Capital bogs down due to water-logging, frequent power outages

Lightning kills 19 in 10 districts

Capital bogs down due to water-logging, frequent power outages

Emran Hossain | Published:  Apr 30,2018      New Age

Vehicles run on a road flooded after heavy showers of rain at Fakirapool in Dhaka on Sunday. — Sony Ramany

Lightning strikes killed at least 19 people in 10 districts as heavy rains with nor’wester lashed the country Sunday.
Lightning strikes killed at least six people in Sirajganj, three in Magura, two in each of Noakhali and Naogaon, one in each of Sylhet, Moulvibazar, Brahmanbaria, Rangamati, Gopalganj and Gazipur.

The inclement weather disrupted normal life in the capital.
The rains occurred at different times since the morning as did nor’wester.
The number deaths caused by intermittent lightning strike could be more as the disaster management department is yet to have proper mechanism in place to make accurate estimates of the casualties.

Sunday’s thunderstorms were the worst the country experienced this summer until now.
Weatherman Ruhul Quddus told New Age that the Met Office recorded 66 mm of rainfall in the capital in nine hours since 6 AM, the highest for a single day this year.

The maximum wind speed of 62 km per hour was recorded around the Met Office at Agargaon.
Similar weather condition prevailed almost throughout the country, said Ruhul.
The Met Office predicted heavy to very heavy rainfall over the next 24 hours ending at 6 PM.
The day’s highest rainfall of 99 mm was recorded in Mymensingh City.
Thunderstorms occurred in the capital sporadically since 8 AM often with deafening sound.
The heavy showers caused water-logging in the capital, trees and power supply poles were uprooted by storms that lashed the capital time and again throughout the day.

Frequent power outage and small fires were caused by the storms in the capital.
At places power outage occurred for quite long.

Tailbacks halted traffic movement for hours at places causing huge public sufferings.
But due to public holiday for the celebration of Bouddha Purnima marking anniversaries of birth and death of Gautam Buddha less traffic movement was witnessed at some of the usually busy places.

Heavy clouds eclipsed the sun almost since the daybreak and in the gloomy condition motorists drove slowly keeping the headlights on until 9 AM.
On advisory from the Inland Water Transport Authority water transports suspended sailing on river routes time and again throughout the day.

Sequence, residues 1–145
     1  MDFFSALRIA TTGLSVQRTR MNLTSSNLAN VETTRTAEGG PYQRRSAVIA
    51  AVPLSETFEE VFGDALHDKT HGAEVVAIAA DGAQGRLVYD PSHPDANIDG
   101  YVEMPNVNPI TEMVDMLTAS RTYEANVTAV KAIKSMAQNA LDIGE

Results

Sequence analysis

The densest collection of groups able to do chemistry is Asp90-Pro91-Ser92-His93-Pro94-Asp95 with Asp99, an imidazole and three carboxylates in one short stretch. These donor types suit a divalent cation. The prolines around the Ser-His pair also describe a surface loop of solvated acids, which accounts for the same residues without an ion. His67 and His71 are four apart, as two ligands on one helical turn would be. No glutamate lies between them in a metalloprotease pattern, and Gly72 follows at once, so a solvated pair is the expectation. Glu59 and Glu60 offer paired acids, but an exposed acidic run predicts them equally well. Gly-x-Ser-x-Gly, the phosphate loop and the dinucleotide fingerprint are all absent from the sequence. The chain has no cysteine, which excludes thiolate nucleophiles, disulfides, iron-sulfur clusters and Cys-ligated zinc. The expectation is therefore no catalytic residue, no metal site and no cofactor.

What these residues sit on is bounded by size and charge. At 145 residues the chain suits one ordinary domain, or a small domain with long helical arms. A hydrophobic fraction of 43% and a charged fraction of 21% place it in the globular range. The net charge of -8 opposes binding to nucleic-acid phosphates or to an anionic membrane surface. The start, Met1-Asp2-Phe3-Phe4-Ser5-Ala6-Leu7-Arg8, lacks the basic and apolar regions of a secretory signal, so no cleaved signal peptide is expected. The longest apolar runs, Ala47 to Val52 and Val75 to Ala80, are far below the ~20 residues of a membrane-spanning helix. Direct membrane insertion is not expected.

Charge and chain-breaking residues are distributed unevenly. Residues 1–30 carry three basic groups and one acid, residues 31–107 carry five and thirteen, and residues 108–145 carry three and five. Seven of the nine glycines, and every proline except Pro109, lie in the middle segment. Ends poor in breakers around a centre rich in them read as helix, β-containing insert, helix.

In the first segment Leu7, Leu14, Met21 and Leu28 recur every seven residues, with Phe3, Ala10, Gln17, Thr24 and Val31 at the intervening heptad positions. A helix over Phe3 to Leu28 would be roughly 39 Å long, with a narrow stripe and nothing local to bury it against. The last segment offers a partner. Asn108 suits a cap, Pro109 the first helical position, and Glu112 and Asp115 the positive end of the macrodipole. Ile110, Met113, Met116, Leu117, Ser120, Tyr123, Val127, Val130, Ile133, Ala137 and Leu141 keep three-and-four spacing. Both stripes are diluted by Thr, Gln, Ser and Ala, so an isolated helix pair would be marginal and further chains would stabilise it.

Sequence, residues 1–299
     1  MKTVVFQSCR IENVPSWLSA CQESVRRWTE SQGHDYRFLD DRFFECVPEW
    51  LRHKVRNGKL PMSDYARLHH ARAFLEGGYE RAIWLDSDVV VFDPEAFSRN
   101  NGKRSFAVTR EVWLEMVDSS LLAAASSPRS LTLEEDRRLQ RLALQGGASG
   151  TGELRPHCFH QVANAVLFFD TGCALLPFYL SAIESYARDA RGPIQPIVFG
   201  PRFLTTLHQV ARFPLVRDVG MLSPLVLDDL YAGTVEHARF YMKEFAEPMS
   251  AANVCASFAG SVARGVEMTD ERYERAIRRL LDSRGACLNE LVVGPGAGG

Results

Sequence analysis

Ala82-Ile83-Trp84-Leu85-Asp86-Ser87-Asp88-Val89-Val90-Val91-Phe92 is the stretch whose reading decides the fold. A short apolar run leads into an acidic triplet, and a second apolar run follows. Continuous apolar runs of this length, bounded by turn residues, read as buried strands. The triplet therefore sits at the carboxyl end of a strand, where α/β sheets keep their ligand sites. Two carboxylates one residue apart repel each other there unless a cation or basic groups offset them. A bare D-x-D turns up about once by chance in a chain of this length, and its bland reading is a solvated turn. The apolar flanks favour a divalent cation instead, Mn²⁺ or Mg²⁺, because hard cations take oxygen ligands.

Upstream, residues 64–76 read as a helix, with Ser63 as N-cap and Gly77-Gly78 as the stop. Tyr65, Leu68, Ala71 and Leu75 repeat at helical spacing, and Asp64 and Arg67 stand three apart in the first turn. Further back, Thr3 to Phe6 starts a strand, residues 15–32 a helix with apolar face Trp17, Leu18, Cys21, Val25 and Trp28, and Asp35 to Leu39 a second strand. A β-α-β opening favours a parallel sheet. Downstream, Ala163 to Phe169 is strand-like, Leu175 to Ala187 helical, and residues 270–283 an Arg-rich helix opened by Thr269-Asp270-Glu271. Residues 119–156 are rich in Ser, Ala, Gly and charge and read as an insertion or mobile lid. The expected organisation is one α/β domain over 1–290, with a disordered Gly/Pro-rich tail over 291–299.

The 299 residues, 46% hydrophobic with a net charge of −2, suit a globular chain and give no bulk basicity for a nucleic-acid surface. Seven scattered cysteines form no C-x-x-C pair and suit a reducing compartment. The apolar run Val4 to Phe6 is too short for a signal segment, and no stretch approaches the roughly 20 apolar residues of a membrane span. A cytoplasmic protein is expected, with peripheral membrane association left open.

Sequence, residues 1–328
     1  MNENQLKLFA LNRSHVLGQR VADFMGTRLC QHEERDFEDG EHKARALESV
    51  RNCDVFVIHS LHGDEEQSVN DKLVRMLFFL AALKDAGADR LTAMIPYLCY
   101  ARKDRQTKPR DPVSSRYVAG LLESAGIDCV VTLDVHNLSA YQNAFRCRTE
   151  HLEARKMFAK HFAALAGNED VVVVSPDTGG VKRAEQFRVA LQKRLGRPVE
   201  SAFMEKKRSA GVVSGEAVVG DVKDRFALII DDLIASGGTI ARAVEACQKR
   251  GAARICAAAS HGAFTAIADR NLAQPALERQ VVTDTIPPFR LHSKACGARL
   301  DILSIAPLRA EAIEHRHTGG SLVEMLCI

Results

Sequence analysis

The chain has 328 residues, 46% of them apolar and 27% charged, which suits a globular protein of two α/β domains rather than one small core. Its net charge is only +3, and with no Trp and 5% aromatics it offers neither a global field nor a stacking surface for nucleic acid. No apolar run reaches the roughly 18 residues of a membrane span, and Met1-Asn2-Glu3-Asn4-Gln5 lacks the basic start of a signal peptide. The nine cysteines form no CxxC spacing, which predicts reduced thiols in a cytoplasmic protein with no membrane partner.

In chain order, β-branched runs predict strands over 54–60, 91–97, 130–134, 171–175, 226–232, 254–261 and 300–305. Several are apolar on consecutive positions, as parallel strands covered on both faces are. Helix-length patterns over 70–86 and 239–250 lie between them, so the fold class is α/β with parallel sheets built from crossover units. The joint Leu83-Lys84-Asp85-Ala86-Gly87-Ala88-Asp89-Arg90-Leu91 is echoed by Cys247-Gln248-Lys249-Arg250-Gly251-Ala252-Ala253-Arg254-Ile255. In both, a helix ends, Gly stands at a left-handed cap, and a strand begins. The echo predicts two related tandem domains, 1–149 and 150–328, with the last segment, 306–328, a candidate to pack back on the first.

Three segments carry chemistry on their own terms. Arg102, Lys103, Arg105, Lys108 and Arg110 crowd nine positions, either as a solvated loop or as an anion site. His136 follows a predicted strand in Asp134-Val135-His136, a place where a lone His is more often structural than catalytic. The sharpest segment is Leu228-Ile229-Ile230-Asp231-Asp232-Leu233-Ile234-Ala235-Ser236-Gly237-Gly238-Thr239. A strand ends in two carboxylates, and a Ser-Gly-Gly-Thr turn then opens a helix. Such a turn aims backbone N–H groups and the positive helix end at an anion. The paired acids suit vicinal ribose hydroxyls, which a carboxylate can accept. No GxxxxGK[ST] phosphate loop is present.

BIWTA director for ports and traffic Shafiqul Haque said that the launch service from the Sadarghat terminal was suspended twice since the morning.
Ferry services between Paturia and Daulatdia were suspended several times the same thing happened with regard to ferry services between Aricha and Nagarbari.
According to the control room of the Fire Service at least nine incidents of small fire occurred in the capital, but they were immediately put out.
Fire service teams sped through the streets to remove uprooted trees to facilitate normal traffic movement.

Almost all the roads in Mirpur were submerged due to widespread road digging for the metro rail project.
No traffic could move on the busy Rokeya Sarani from 9 AM to 10 AM.
Severe water-logging caused public sufferings throughout the capital.

‘I don’t know how to return home at Sheorapara from my office at the Tejgaon Industrial Area,’ said daily Samakal’s reporter Amitosh Pal.
Power outage for two hours caused untold suffering to the patients of the National Institute of Traumatology and Orthopedic Rehabilitation.
The outage plunged parts of the orthopedic hospital into darkness, said NITOR director Gani Mollah.

The head office of the Department of Disaster Management confirmed deaths of eight people caused by lightning strikes in Sirajganj, Naogaon and Gazipur.
The DDM could not provide the countrywide figures of the casualties due to reluctance or laziness of its officials to collect information from their outlying offices.
According to DDM records, more than 1,200 were killed by lightning since 2012.

A Kent State University study of the same year ranked Bangladesh among the countries having the highest lightning-related casualties.
While many scientists relate the deaths to a rise in lightning activities caused by global warming, many consider rapid deforestation also a contributing factor.
The increasing number of deaths caused by lightning led Bangladesh to opt for automatizing its weather forecast system in 2015.
Bangladesh already missed two deadlines for updating its weather forecast mechanism.

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